Consider the following examples, which clarify better the difference between a permissive presumption and a mandatory presumption:

Mandatory Presumption

During a criminal trial, the prosecution shows video footage to the jury wherein the defendant can be seen walking into the store ten minutes before the alleged robbery took place. The defendant has a similar build to that which was described by eyewitness accounts, and he is wearing similar clothes as well.

He is seen on the tape rushing out of the store shortly after the robbery occurred with a bag under his arm. The prosecution argues that the bag contains the stolen money from the register. Based on the evidence presented by the prosecution, the judge orders the jury to presume the defendant is the man who robbed the store.

Permissive Presumption

Here, the prosecution shows the jury the same evidence. However, the judge does not direct the jury to decide, beyond reasonable doubt, that the guilty party is sitting right in front of them. Instead, the judge assures them that they can come to the conclusion that this is their guy if they so choose, but that they don’t have to conclude that he’s guilty based solely on the evidence provided by the prosecution.

The difference here is that the defendant’s rights under due process are not being violated. The prosecution still has work to do. The jury must still be convinced that the defendant is guilty without the judge coming to the prosecution’s aid and ordering a guilty verdict.

Inference Example Involving an Arrest without a Warrant

A good example of an inference being made in a criminal case can be found in 1898’s Joske v. Irvine. Here, Joe Shely, a San Antonio police officer, arrested James Irvine without a warrant. Irvine was held for almost 24 hours in the city prison before being released. Irvine thereafter sued Alexander Joske, his employer, for damages on the grounds of unlawful arrest. Irvine alleged that Joske had either “requested or directed” that Shely carry out the arrest.

When the matter went to trial, the court instructed the jury that the arrest was indeed unlawful. Irvine won and was awarded $250 – a lot of money back in the late 1800s. Joske, of course, appealed the verdict, but the Court of Civil Appeals affirmed it. Joske then brought his case to the Supreme Court of Texas. The question the Supreme Court then faced was: could it be legally inferred that Joske “requested or directed” Irvine’s arrest based on the testimony that had been given at trial?

Ultimately, the Court decided that no, it could not make the inference that Joske had been responsible for Irvine’s arrest based on testimony alone. Specifically, in its decision the Court wrote:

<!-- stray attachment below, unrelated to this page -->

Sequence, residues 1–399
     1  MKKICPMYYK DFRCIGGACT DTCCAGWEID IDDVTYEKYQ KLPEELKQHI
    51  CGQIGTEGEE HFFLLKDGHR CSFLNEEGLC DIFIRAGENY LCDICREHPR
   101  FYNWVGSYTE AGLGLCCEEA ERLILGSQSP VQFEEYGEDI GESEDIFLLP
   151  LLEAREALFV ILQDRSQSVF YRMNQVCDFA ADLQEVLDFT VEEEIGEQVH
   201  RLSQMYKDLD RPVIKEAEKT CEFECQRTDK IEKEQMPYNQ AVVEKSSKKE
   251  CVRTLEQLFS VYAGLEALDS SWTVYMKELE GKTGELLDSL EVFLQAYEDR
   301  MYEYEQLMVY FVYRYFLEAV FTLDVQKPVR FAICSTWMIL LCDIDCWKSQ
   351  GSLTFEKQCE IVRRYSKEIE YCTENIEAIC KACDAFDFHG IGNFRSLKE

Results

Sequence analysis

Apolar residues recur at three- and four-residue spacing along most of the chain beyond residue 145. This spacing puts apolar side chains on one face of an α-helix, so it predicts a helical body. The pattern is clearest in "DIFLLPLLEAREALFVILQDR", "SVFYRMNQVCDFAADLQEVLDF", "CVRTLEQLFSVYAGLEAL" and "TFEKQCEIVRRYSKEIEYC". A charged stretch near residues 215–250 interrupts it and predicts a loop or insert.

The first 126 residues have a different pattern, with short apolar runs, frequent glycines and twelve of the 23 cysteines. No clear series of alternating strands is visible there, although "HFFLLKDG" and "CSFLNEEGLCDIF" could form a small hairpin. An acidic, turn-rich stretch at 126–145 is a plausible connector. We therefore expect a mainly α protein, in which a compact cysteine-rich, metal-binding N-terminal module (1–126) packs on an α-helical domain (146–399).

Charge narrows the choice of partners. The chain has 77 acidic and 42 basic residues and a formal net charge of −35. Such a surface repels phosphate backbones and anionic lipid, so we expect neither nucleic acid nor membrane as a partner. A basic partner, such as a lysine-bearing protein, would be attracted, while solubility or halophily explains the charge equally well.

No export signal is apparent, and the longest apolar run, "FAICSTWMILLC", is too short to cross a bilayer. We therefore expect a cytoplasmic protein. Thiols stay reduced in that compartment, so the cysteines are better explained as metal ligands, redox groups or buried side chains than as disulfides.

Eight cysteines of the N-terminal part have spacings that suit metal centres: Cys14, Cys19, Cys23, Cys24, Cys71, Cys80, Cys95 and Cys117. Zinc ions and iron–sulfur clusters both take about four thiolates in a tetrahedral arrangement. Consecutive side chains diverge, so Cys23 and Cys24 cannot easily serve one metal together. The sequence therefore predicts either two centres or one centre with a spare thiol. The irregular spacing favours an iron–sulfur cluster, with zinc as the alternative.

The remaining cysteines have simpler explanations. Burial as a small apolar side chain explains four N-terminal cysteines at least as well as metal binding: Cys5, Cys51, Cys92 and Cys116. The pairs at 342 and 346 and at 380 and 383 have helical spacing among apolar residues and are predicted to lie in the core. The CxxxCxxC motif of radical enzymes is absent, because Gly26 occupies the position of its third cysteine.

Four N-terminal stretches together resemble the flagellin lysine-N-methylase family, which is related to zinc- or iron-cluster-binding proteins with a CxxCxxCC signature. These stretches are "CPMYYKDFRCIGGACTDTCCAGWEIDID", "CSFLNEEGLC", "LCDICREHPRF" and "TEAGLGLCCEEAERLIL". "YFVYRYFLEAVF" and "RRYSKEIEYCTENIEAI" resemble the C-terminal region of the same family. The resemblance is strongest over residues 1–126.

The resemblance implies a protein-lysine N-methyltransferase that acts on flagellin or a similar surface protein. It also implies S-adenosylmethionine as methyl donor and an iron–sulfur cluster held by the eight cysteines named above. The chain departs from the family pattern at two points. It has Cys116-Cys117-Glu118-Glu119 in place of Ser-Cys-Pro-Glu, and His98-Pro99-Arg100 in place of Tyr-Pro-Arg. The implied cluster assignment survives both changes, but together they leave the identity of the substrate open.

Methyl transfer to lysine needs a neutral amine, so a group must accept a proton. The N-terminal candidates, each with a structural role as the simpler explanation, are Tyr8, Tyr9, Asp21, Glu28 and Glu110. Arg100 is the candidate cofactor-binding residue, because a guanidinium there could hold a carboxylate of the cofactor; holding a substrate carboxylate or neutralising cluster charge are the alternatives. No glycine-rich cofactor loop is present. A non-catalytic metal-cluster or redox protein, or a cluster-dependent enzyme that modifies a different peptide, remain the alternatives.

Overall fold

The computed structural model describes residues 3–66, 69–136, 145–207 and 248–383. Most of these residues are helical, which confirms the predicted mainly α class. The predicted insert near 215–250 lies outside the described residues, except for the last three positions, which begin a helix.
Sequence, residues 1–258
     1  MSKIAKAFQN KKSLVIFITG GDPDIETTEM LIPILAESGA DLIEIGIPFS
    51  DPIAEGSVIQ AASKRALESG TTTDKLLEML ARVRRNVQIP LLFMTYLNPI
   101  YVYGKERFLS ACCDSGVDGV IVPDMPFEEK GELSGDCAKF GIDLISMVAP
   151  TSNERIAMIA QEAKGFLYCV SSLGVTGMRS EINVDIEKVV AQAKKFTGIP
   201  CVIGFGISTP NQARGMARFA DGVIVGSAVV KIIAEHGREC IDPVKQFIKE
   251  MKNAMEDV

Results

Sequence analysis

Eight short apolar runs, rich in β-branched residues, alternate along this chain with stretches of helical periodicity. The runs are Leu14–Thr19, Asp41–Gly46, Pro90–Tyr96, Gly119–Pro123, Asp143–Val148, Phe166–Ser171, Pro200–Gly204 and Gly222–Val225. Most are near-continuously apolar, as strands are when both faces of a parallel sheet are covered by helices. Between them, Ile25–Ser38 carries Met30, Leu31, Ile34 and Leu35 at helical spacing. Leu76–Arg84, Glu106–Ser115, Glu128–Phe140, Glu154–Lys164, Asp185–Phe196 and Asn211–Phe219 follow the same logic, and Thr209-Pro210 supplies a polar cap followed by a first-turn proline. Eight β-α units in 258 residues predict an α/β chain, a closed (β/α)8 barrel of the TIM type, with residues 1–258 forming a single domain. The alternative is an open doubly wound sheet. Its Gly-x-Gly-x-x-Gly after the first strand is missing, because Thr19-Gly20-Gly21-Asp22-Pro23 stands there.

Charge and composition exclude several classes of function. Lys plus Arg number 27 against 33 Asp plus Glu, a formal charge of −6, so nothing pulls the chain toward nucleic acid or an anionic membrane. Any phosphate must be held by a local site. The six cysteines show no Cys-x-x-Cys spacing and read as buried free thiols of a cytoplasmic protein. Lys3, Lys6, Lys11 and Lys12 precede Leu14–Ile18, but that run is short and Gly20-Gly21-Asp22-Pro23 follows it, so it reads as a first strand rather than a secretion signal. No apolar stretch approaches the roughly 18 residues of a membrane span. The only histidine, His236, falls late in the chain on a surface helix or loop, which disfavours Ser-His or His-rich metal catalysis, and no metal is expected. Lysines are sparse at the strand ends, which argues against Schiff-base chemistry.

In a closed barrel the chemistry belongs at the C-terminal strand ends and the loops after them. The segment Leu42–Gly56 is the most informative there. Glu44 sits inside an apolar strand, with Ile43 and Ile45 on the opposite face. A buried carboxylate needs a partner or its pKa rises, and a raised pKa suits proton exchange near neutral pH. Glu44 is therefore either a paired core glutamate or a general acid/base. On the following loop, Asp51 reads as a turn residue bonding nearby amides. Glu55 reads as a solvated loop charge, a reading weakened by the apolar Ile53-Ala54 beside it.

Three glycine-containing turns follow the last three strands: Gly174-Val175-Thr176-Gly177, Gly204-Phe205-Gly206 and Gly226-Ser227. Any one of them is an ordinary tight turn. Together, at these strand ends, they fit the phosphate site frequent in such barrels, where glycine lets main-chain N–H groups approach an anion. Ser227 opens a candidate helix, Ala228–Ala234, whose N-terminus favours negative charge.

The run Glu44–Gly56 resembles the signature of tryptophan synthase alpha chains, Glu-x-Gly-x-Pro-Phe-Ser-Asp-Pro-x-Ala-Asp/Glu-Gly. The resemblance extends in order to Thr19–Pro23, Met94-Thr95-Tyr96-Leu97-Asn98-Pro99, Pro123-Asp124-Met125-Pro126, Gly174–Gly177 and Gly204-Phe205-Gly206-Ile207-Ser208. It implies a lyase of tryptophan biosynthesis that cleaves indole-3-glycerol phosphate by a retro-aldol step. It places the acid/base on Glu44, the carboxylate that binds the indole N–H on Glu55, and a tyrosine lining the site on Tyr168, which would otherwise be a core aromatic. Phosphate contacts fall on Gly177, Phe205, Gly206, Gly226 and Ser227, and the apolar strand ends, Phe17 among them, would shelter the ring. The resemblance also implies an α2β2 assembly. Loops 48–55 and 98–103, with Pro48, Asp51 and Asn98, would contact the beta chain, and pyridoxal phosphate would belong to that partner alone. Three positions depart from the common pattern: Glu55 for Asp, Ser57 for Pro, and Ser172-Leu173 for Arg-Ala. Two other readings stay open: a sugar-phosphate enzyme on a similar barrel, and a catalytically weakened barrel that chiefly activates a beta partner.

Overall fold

“There is no direct testimony that Joske ‘requested or directed,’ the arrest, and we are of the opinion that such fact cannot be reasonably inferred from the circumstances. ‘An inference is a deduction which the reason of the jury makes from the facts proved.’ [1 Rice on Ev., sec. 36]. If the jury cannot reasonably make the deduction, the law does not authorize it. Upon the whole case, we are of opinion that the probative force of the testimony does not go beyond the point of creating a mere surmise or suspicion that Joske ‘requested or directed’ the arrest, and that therefore, under the principles above discussed, there is not, in legal contemplation, ‘any evidence’ of that fact.”

Related Legal Terms and Issues

  • Defendant – A party against whom a lawsuit has been filed in civil court, or who has been accused of, or charged with, a crime or offense.
  • Due Process – The fundamental, constitutional right to fair legal proceedings in which all parties will be given notice of the proceedings, and have an opportunity to be heard.
  • Evidence – Information presented to a court or jury in proof of the facts, including testimony of witnesses, records, documents, or objects.
  • Forensics – Scientific tests used to detect whether a crime took place.
  • Jury – A group of people sworn to render a verdict in a trial, based on evidence presented.
  • Plea – A defendant’s response to criminal charges or a legal declaration.
  • Trial – A formal presentation of evidence before a judge and jury for the purpose of determining guilt or innocence in a criminal case, or to make a determination in a civil matter.